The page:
Russian scientists are building a wooden pyramid over a volcanic vent on an island off the north coast of Japan to try to trap gases containing the rare metal rhenium, the New Scientist reported today.
Rhenium, a hard-wearing silvery metal with a high melting point, is an essential part of aerospace components, satellites and missiles and also is used as a catalyst for producing high-octane fuels.
A Russian expedition on Iturup, a small island that is part of the Kuril chain, is building a test pyramid with a 30-foot square base over a smoke vent on the Kudriavy volcano this month, the magazine said.
The scientists hope rhenium sulphide gas will be trapped in the pyramid and then channeled to another trap filled with a mineral called zeolite, which absorbs the gas.
Pure rhenium sulphide gas can then be released by heating the zeolite, the magazine added.
The Russian rhenium-hunters, led by Alexander Kremenetsky from the Institute of Mineralogy, Geochemistry and Crystal Chemistry of Rare Earth Elements in Moscow, believe they eventually may be able to produce two tons of rhenium a year if they put a cap over Kudriavy’s whole field of smoke vents.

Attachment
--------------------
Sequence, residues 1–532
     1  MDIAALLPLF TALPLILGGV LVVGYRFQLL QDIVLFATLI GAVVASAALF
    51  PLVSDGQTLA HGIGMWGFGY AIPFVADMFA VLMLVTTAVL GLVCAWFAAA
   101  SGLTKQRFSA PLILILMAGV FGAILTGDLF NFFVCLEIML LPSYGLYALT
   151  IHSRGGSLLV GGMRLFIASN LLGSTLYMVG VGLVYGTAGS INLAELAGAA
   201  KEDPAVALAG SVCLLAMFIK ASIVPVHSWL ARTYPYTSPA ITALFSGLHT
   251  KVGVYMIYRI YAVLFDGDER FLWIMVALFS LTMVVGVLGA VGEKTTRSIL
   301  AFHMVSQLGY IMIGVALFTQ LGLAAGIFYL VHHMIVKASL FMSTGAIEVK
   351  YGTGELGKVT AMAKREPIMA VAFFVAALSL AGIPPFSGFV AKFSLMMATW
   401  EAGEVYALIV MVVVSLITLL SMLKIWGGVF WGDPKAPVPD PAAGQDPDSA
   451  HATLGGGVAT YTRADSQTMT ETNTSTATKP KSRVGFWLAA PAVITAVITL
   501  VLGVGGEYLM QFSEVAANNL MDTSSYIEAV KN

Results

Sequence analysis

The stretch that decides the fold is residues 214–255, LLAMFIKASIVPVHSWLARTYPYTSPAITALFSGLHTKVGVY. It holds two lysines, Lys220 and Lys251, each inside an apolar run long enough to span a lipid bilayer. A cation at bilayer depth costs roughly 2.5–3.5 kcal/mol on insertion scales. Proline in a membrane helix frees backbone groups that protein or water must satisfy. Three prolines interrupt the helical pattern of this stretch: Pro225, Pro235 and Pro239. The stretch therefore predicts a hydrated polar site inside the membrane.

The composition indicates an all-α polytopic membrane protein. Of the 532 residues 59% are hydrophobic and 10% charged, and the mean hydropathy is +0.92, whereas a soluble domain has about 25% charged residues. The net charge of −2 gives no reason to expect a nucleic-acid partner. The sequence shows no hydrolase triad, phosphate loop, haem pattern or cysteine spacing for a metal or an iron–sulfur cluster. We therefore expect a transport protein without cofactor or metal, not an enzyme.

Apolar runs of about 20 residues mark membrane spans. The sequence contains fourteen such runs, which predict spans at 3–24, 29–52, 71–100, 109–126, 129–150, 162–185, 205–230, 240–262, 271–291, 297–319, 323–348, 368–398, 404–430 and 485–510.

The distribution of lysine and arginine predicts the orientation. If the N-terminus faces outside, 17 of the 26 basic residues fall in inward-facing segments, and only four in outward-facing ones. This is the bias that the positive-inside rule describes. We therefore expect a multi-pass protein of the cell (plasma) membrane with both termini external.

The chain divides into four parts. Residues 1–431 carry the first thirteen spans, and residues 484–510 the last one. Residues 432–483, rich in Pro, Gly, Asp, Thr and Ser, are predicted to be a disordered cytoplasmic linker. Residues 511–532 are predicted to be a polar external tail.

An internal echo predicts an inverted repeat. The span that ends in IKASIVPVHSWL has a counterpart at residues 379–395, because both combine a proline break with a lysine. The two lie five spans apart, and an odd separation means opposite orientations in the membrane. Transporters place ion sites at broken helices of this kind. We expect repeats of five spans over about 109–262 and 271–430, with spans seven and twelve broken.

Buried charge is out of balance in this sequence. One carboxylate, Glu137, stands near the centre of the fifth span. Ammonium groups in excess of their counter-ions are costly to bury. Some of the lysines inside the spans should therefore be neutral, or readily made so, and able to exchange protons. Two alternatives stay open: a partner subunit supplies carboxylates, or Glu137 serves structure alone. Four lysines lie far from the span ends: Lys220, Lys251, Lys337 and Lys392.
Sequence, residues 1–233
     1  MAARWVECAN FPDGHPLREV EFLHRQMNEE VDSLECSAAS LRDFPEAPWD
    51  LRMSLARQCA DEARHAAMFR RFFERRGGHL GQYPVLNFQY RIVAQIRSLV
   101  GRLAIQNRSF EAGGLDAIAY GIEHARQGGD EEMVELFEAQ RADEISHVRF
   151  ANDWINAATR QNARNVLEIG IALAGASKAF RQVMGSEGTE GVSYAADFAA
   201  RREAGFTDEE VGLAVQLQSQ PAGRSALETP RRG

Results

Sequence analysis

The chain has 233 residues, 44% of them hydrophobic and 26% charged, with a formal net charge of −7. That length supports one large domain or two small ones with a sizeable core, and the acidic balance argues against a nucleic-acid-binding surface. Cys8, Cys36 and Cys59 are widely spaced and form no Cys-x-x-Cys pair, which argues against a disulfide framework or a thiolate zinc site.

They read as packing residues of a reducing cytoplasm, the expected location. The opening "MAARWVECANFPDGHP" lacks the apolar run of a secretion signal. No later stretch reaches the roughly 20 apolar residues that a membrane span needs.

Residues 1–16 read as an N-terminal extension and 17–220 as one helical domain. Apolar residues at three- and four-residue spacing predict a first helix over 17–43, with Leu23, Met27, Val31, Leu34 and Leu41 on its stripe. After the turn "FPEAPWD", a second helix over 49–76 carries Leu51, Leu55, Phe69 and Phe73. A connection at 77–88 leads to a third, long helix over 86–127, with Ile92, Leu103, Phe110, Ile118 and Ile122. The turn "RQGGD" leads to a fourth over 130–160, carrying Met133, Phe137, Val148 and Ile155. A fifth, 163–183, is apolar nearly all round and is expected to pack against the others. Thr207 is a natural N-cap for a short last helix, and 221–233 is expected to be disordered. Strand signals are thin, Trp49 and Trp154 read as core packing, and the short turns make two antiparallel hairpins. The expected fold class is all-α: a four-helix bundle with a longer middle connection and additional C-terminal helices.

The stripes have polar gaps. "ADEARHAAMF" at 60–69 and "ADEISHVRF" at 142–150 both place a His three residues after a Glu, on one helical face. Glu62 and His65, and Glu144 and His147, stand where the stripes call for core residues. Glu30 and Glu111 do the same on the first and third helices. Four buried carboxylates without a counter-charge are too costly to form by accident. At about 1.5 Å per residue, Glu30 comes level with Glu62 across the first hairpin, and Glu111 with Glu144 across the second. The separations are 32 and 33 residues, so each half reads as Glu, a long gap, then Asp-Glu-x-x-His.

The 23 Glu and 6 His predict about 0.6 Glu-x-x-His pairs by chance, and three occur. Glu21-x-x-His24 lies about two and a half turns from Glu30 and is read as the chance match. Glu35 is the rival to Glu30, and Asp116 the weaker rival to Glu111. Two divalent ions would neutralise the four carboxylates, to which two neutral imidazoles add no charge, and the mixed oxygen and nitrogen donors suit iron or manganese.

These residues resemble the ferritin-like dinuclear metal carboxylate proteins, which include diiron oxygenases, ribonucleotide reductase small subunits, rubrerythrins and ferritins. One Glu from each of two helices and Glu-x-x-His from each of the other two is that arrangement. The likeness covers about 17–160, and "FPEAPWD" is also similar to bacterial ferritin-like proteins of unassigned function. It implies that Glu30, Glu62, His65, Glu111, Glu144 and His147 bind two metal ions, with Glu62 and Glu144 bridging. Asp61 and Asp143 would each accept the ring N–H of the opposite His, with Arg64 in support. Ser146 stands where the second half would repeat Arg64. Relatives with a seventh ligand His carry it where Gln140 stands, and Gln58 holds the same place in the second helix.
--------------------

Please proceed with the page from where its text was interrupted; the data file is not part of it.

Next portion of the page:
Pricey Per Kilo
This compares to 40-45 tons produced worldwide each year, New Scientist said.
About 15-17 tons are produced annually by Chile’s Molymet, 6 tons by U.S. producer Cyprus-Amax and around 3 tons from Kazakhstan, with further supplies coming from stockpiles.
Other scientists doubt the Russian estimates.
Tobias Fischer, an assistant professor of vulcanology at the University of New Mexico who went to Iturup in 1996, and others have said Kudriavy would produce about 10 times less rhenium than the Russian estimates.
Rhenium trades at about $1,325 a kilo.
Most of the rhenium currently available is a byproduct of molybdenum sulphide which is in turn a byproduct of copper.